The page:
Even global lawyers can forget that a pandemic convention already exists. The International Sanitary Regulations were first inspired by an 1847 cholera plague. In 2005, the World Health Organization (WHO) expanded them to cover infectious diseases such as Ebola, in a treaty binding on 196 nations, inconspicuously called the International Health Regulations.
These regulations empower the WHO to declare a ‘public health emergency of international concern’ (PHEIC) on the advice of an expert committee. Declaring a PHEIC emergency – unfortunately pronounced ‘fake’ – then empowers the WHO to recommend how to control the disease’s spread.
The all-too-real history of PHEICs, culminating in Covid-19, has exposed the limits of the IHR. First, the WHO has no way to ensure that states build their ‘core public health capacities’ to stem a pandemic. The result is that most states lack those capacities. Indeed, even the nations thought most ready were caught flat-footed by Covid-19 (the US was number one).
Second, the WHO is too slow to declare a PHEIC. Partly that’s because it has no inspection power, and in a closed society such as China’s, it can’t count on truthful reporting by either official or unofficial sources. Partly, the WHO dallies because it is under intense pressure not to rankle donors by torpedoing the world economy. The fact that 80% of its budget comes from voluntary donations makes it all too pliable.
Among the obvious solutions – if states can find the political will – are to make funding for the WHO mandatory and to give it a corps of intrusive inspectors, like those of the International Atomic Energy Agency. Former WHO legal counsel Gian Luca Burci suggests that crisis response would be nimbler if a gradual alert system replaces the all-or-nothing PHEIC (and let’s get rid of that acronym while we’re at it).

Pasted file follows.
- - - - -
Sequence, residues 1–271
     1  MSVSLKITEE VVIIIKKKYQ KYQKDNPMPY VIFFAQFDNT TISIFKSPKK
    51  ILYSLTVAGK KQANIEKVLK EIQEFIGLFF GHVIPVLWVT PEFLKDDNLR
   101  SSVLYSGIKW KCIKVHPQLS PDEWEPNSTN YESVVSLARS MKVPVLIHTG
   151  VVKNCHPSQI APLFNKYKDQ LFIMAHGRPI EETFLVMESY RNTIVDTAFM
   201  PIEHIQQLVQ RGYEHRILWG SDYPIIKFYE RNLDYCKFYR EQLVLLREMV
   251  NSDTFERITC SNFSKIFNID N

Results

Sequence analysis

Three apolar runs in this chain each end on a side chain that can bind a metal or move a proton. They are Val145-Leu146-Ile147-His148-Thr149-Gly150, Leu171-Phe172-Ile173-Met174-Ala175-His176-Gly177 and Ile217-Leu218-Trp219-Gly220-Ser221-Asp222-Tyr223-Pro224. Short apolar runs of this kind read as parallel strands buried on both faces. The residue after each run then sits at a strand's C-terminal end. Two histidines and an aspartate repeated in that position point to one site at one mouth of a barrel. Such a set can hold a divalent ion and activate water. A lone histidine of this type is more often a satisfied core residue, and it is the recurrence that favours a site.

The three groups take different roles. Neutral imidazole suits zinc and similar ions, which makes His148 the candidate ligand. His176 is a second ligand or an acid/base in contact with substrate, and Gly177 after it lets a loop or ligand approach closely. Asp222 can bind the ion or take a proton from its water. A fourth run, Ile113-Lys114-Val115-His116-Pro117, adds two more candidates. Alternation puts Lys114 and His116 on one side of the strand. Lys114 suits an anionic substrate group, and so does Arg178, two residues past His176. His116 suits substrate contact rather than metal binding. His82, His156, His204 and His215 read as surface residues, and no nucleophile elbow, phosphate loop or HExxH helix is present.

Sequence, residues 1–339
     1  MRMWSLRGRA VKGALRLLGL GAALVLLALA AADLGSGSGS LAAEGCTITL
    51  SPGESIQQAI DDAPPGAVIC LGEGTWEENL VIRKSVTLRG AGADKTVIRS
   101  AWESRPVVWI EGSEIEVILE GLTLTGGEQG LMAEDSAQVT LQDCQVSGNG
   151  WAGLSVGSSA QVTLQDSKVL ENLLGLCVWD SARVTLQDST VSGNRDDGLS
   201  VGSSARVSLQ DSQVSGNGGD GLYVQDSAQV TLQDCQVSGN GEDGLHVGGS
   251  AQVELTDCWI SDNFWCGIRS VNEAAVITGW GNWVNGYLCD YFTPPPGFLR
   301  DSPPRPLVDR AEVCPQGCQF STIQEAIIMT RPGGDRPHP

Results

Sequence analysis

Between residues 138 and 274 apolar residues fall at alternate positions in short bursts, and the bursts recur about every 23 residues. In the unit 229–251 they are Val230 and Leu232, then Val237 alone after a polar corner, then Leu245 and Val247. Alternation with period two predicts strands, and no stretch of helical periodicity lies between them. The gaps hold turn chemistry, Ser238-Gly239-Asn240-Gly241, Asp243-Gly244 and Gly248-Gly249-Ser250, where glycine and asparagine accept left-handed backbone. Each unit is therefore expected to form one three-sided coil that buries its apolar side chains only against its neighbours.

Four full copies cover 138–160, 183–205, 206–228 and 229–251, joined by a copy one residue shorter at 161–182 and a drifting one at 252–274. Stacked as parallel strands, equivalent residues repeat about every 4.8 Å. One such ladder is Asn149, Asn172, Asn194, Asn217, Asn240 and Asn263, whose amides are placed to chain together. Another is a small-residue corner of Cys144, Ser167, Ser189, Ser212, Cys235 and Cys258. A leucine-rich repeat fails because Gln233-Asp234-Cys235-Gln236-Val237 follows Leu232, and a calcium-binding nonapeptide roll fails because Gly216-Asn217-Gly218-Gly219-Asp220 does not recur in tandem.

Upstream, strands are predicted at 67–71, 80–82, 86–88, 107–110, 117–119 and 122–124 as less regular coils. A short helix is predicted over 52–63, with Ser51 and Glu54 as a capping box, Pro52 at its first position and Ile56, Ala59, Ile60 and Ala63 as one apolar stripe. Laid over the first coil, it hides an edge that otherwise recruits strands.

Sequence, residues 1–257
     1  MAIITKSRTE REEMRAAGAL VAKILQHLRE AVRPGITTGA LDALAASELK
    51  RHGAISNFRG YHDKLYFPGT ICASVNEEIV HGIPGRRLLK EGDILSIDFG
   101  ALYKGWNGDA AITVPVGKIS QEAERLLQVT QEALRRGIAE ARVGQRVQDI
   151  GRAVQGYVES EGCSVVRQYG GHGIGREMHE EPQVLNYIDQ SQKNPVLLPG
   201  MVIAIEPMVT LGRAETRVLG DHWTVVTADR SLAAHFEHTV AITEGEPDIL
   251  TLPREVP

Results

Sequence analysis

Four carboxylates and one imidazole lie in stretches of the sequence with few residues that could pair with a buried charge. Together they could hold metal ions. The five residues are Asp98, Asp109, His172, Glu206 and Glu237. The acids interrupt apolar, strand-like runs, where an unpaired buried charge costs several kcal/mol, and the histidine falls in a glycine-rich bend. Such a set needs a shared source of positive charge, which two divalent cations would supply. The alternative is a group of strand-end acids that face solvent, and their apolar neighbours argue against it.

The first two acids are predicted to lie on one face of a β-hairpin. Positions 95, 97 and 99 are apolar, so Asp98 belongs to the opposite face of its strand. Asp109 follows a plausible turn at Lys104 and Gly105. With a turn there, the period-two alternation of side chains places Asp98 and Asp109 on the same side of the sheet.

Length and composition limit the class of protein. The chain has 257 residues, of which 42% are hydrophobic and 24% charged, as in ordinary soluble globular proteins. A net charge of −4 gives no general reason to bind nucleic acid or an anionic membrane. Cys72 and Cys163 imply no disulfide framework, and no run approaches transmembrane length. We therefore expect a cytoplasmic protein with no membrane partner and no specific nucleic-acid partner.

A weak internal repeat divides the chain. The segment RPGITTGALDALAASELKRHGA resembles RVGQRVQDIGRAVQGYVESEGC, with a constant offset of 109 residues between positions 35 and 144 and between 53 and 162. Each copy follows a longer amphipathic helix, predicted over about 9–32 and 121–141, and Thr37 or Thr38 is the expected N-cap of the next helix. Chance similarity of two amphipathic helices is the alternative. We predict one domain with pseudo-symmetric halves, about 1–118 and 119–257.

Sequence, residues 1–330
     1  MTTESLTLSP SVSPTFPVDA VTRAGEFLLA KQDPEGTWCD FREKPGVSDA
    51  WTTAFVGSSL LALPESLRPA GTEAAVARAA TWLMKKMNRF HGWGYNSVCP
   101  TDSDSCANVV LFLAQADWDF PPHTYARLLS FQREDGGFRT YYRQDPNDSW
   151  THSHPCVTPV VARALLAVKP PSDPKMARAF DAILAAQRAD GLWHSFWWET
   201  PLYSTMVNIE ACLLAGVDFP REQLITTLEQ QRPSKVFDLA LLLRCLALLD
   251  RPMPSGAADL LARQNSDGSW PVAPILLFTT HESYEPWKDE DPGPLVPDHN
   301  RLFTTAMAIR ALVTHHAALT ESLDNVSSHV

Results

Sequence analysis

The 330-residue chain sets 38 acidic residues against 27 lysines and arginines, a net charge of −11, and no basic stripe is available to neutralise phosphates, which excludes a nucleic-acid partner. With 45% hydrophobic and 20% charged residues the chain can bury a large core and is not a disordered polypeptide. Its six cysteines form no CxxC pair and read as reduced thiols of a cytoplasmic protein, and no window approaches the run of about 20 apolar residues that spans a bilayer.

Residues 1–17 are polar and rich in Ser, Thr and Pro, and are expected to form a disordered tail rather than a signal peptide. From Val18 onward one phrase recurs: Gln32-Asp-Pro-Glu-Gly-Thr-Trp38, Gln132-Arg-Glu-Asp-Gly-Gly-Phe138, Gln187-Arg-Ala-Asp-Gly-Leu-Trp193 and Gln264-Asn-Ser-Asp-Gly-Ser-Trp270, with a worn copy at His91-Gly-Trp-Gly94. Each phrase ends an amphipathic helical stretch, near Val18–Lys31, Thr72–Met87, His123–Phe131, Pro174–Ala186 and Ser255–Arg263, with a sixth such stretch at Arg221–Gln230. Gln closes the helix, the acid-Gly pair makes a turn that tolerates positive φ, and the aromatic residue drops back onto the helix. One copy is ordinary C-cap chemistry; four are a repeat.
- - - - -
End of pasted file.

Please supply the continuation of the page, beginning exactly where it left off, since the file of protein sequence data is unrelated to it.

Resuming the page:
To encourage pandemic preparedness and compliance, the WHO could make these measures a condition for assistance. Better yet, the International Monetary Fund could make pandemic best practices a condition for any resort to foreign aid or the capital markets. Finally, with a vaccine access disaster looming in the developing world, any new pandemic regime should foreground the right to health and the duty of solidarity.
The main obstacle to such reforms is an orange man in a White House. In a fit of pique, on May 29, 2020 President Trump declared the US relationship with the WHO ‘terminated’, just 11 days after giving the organisation a 30-day ultimatum to ‘improve’. On July 6, the US formally gave 12 months’ notice that it plans to withdraw. Professor Harold Koh at Yale Law School argues that US withdrawal from the WHO requires a joint Congressional resolution – but even if this stymied the president’s temper tantrum, a second-term Trump is not about to engage with the WHO.
International lawyer Robert Volterra believes we should start afresh with a freestanding convention on pandemic suppression. “Modifying the IHR is not going to happen,” he argues. “A new treaty unconnected to the WHO would be a way to get past the toxicity of the blame game for the current pandemic.”
But Mr Trump now looks headed for defeat in the November presidential elections.
Thana de Campos, a research associate at the Unesco chair in bioethics and human rights, thinks a freestanding convention would be misguided, however. “It's not clear to me how a new pandemic treaty would complement the existing framework. I’m very sceptical about the need for another legal framework,” she says.
Politically, the path of least resistance would go through the WHO since the WHO’s constitution authorises the World Health Assembly (by a two-thirds vote) to adopt a treaty binding any of its 194 member states that doesn’t affirmatively reject the treaty. After Covid-19 is defeated, the moment will be ripe to revamp the International Health Regulations.
This article first appeared in the August - September edition of fDi Magazine. View a digital edition of the magazine here.